FIG. 2 depicts an example of a node 220 in a multi-node data processing system capable of dynamically changing the number of active processors which includes a chassis 215, processors 250, 260, a north bridge 270, a memory controller 275, system memory 225, and a service processor card 295. The processors 250, 260 are connected by processor interconnect 255. The processor interconnect 255 in turn is connected to the north bridge 270 by the system bus 265. The north bridge 270 contains a scratch register 280 which may be used to store parameters describing the functioning of the multi-node data processing system. The north bridge is connected to the memory controller 275 by system bus 265 and to the service processor card 295 by PCI bus 285. The memory controller 275 is connected to system memory 225 by system bus 265. System memory 225 may contain software controlling the operation of a multi-node data processing system. The software includes the operating system OS 230 and BIOS 240 which includes SMI 235. The service processor card 295 may constitute the primary mechanism for coordinating the various components of a multi-node data processing system. The service processor card 295 may contain an embedded operating system 290. A general purpose input output pin (GPIO pin) 245 provides a direct connection between the service processor card 295 and BIOS 240. In other embodiments, service processor logic may be carried out by the processors 250, 260. In other embodiments, the memory of a node may not include the system OS. In other embodiments, a node may have a different number of processors than two. In other embodiments, an interrupt architecture may be other than SMI. In other embodiments, the architecture of a node may be other than a north bridge, south bridge architecture.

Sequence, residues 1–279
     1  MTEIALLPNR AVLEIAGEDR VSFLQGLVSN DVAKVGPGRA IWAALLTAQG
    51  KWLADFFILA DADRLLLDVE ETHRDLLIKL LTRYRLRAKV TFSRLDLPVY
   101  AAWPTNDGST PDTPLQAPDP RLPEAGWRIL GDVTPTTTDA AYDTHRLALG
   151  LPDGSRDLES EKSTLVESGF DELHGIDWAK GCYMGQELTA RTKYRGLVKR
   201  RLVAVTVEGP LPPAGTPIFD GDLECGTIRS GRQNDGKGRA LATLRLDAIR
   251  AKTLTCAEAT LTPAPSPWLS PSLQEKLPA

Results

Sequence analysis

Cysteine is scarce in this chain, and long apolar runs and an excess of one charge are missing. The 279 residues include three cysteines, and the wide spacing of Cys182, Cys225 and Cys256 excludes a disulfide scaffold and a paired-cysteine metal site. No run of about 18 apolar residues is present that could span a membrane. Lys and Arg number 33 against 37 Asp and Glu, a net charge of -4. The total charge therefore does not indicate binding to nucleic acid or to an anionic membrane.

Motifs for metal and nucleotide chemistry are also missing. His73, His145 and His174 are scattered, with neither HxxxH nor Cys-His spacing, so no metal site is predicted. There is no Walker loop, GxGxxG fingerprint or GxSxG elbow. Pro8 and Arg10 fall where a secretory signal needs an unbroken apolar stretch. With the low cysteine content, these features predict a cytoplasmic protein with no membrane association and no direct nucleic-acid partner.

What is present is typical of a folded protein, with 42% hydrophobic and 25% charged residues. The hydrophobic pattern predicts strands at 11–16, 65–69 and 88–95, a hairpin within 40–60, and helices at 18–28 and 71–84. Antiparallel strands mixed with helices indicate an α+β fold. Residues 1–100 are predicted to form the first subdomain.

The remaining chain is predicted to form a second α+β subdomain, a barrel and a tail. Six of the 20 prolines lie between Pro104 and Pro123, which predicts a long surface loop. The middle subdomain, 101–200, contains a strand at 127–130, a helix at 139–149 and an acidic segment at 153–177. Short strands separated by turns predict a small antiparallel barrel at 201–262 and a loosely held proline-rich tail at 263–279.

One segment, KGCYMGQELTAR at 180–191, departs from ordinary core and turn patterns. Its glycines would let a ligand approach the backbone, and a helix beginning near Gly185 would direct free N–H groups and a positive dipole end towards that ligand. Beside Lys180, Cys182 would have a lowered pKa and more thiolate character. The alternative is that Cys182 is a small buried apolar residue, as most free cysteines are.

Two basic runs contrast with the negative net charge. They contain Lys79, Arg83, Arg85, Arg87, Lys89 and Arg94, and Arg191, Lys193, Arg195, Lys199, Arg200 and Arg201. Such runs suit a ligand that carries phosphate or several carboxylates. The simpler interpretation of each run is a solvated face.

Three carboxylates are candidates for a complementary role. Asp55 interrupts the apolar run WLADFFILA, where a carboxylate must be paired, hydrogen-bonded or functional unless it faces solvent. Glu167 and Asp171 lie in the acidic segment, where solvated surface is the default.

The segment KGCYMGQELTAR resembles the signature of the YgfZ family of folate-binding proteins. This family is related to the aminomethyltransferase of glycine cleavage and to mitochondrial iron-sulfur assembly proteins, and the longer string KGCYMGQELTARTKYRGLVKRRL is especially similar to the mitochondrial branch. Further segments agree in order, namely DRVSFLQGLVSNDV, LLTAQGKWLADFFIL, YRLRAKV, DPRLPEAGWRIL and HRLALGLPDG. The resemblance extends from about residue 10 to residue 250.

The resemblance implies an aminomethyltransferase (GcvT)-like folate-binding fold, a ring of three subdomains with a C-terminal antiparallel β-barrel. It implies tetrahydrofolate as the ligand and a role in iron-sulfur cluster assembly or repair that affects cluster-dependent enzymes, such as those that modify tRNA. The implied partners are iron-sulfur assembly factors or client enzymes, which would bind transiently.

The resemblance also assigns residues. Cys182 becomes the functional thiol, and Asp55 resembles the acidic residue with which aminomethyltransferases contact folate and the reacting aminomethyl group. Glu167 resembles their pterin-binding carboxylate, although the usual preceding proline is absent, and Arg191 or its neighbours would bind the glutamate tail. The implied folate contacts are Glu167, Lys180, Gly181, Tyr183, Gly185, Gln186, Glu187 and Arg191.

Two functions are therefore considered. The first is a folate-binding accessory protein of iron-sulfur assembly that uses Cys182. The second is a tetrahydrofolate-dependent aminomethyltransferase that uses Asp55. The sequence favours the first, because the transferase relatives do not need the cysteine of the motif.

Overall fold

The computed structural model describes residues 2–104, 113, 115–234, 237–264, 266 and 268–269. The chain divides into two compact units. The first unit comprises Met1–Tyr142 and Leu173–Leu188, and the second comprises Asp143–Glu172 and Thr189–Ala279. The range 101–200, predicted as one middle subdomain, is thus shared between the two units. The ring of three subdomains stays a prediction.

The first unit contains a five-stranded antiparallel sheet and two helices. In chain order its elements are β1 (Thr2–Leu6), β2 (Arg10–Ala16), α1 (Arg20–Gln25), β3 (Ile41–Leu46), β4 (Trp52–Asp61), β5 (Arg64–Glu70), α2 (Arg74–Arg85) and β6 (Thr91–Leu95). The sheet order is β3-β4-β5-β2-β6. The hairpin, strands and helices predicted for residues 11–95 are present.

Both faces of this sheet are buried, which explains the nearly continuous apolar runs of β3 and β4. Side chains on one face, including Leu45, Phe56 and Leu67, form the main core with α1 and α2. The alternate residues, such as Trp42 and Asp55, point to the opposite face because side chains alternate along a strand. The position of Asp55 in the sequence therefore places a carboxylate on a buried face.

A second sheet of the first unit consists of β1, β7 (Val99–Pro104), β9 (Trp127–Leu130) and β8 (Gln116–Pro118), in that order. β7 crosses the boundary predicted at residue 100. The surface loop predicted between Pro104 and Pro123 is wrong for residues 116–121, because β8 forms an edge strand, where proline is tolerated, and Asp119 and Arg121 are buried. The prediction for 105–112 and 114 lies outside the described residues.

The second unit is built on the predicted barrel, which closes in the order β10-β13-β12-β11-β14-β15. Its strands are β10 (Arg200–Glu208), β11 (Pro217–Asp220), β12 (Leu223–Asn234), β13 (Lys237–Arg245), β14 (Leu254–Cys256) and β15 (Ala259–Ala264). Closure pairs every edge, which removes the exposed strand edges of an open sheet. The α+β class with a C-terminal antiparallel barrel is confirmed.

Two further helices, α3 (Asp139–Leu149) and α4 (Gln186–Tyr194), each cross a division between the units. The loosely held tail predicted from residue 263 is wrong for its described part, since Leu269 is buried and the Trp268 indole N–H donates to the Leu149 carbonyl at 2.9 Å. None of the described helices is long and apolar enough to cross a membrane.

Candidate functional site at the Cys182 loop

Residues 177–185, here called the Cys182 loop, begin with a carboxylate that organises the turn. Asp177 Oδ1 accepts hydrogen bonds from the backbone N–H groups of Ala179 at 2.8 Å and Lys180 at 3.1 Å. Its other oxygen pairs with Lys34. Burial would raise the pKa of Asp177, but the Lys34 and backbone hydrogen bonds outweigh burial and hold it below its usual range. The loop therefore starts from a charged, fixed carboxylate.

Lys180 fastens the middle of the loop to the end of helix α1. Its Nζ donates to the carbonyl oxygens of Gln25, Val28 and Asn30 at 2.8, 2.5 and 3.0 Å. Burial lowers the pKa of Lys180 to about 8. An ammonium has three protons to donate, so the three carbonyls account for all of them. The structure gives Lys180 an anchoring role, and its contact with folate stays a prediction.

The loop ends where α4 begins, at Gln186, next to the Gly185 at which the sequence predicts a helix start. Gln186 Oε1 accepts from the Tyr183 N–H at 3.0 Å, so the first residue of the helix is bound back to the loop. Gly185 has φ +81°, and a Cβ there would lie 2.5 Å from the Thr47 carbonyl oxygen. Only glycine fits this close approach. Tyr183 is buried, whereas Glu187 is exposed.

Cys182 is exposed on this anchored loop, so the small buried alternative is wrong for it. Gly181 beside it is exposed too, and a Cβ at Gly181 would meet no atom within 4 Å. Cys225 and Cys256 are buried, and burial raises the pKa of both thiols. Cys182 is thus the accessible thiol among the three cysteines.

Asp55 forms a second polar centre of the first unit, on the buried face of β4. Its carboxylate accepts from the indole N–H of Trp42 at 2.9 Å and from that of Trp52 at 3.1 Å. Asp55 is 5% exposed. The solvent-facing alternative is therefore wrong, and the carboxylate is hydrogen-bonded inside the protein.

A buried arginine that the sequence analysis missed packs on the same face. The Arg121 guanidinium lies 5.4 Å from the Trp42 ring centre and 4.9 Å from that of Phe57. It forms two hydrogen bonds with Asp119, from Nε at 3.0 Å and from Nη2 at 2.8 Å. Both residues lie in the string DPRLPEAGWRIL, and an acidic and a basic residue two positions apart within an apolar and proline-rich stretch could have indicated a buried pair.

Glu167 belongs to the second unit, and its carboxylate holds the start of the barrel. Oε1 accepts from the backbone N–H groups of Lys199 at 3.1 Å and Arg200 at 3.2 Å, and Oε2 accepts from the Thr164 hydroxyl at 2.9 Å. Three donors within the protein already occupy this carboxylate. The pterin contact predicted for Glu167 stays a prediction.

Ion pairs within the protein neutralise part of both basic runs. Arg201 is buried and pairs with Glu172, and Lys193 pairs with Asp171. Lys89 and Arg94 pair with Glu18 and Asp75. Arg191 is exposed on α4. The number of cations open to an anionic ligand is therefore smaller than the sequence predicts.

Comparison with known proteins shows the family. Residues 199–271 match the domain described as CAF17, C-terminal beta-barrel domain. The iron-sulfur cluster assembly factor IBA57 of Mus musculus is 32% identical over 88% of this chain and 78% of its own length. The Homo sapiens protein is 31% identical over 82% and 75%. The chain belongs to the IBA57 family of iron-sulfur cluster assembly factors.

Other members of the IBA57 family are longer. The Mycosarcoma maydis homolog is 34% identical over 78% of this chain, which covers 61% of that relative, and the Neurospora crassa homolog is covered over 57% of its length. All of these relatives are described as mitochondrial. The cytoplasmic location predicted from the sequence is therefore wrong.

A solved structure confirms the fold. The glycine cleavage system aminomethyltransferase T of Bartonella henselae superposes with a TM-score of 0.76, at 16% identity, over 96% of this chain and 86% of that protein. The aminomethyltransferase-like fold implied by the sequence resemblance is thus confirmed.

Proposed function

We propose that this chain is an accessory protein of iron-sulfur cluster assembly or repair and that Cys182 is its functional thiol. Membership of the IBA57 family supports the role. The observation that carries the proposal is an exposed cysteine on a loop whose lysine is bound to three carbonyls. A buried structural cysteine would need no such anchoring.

The BIOS 240 may control the activation of processors 250, 260. Node 220 may have a primary processor 250. When the chassis 215 is powered on, the primary processor 250 may perform a power-on self test (POST). During POST, an electrical signal may clear left-over data from registers such as register 280. It may also set the program instruction counter to a specific address, the address of the next instruction for the primary processor 250 to begin executing. The address may refer to the beginning of a boot program for the primary processor 250 stored in the BIOS 240. The instructions may perform a series of system checks. In FIG. 2, the primary processor 250 may bring up processor 260 after performing the system checks. Primary processor 250 may then examine system data to determine if processor 260 is to be activated as part of the node. As a final step in bringing up the system, when all of the processors 250, 260 of node 220 are brought up, the primary processor 250 may look at scalability and the connections of the nodes. The nodes may not be connected until the very end of the process of bringing up the system.